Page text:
A Fan Takes Snapshots Of Hollywood’s Big Stars 1948-49
You never know who you will see when you’re in Hollywood. Luckily your phone is a camera and you can annoyingly go up to any semi-celebrity you see and ask them to take a selfie with you. Some celebs will grudgingly comply. Others, usually stars besieged constantly by paparazzi will run to avoid you.
Before the ubiquitous cell phone camera made everyone a photographer, a conscious effort to carry a camera around had to be made. Few did. Continue reading →
A few years ago my Tivo was tuned into the Game Show Network weeknights at 3:00 a.m., taping every episode of the greatest TV game show ever made, What’s My Line.
Let me state it was not just a great game show, but one of the best television shows ever.
Unfortunately the series is not being broadcast now, but many segments of the show are available on Youtube.
To describe the brilliance of the show better than I ever could, we will refer to The Complete Directory to Prime Time Network TV Shows 1948 – Present by Tim Brooks and Earle Marsh (Ballantine 1988), an indispensable television reference book.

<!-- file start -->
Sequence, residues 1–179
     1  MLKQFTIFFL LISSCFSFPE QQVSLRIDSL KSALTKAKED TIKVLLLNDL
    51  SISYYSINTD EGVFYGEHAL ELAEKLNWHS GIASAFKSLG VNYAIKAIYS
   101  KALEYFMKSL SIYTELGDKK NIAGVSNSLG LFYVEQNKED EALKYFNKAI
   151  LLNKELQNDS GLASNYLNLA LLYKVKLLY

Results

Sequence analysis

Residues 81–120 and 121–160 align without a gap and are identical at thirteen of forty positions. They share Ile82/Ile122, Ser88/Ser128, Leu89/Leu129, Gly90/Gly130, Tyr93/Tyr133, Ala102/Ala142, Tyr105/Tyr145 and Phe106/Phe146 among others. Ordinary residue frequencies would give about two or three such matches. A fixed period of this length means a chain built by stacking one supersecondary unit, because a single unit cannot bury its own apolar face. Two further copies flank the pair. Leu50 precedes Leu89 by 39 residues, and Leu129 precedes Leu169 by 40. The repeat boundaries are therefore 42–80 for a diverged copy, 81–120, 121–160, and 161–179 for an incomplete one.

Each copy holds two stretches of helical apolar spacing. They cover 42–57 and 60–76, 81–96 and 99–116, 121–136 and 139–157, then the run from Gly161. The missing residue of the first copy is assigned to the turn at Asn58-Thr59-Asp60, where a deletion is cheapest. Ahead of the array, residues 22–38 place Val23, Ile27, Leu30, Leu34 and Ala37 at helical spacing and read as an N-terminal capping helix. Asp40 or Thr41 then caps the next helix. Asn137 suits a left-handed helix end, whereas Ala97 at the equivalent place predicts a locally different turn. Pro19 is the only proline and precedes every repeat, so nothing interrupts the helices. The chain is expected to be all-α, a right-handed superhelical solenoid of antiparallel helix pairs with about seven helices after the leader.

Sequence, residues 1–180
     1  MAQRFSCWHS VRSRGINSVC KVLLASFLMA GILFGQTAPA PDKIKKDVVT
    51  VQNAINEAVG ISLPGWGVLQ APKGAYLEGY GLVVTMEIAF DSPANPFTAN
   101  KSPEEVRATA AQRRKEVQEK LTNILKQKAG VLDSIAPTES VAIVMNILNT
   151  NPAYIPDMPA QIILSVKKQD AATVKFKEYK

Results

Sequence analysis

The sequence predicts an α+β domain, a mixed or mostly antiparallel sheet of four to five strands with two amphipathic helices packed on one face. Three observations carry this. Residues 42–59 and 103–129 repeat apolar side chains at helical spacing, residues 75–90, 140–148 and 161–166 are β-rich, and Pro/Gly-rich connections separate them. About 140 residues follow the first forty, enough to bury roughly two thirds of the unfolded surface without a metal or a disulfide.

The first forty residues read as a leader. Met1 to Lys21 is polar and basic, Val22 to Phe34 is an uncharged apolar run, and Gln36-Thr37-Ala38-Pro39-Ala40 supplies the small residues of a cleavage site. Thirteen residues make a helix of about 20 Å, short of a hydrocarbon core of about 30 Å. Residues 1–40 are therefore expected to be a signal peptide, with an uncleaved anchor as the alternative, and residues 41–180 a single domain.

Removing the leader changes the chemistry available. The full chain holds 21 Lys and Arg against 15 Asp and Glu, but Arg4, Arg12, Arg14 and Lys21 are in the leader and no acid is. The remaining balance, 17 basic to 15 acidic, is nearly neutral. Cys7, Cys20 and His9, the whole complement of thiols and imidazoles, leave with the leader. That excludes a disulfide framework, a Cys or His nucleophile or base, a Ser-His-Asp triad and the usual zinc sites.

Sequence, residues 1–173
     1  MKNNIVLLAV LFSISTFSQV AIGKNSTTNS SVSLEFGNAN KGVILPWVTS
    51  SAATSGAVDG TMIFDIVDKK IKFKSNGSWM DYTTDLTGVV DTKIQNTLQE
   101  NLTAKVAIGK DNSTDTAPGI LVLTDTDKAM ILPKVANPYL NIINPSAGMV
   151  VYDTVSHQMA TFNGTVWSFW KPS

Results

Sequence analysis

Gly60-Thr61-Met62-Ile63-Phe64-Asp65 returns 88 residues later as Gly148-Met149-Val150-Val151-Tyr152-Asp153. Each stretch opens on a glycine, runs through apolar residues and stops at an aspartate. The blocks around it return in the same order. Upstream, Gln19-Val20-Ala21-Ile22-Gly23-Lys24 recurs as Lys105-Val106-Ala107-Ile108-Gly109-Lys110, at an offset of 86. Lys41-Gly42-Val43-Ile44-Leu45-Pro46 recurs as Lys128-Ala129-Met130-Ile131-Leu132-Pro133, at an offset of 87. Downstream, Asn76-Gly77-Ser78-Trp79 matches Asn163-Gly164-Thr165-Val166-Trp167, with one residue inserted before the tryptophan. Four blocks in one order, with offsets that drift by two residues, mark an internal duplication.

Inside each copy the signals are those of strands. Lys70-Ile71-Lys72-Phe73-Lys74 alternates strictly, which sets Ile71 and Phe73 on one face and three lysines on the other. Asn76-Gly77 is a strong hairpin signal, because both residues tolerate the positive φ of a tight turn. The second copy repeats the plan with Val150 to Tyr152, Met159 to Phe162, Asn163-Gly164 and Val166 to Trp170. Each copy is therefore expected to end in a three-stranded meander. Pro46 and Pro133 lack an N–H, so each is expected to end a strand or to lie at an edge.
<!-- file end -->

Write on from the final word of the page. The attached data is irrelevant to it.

What’s My Line was the longest-running game show in the history of prime-time network television. It ran for 18 seasons, on alternate weeks from February to September 1950, then every Sunday at 10:30 p.m. for the next 17 years. The format was exceedingly simple. Contestants were asked simple yes-or-no questions by the panel members, who tried to determine what interesting or unusual occupation the contestant had. Each time the contestant could answer no to a question, he got $5, and a total of 10 no’s ended the game. The panel was forced to don blindfolds for the “mystery guest,” a celebrity who tried to avoid identification by disguising his voice.
That little game, by itself, hardly warranted an 18-year run, when other panel shows of the early 1950’s came and went every month. But What’s My Line was something special, both for the witty and engaging panel, and for a certain élan which few other shows ever captured. There were no flashy celebrities-of-the-moment or empty-headed pretty faces on this panel; they were obviously very intelligent people all, out to have some genteel fun with an amusing parlor game. Like (moderator) John Daly with his bow tie and perfect manners, it reeked of urbanity [“that’s three down and seven to go, Mr. Cerf?”]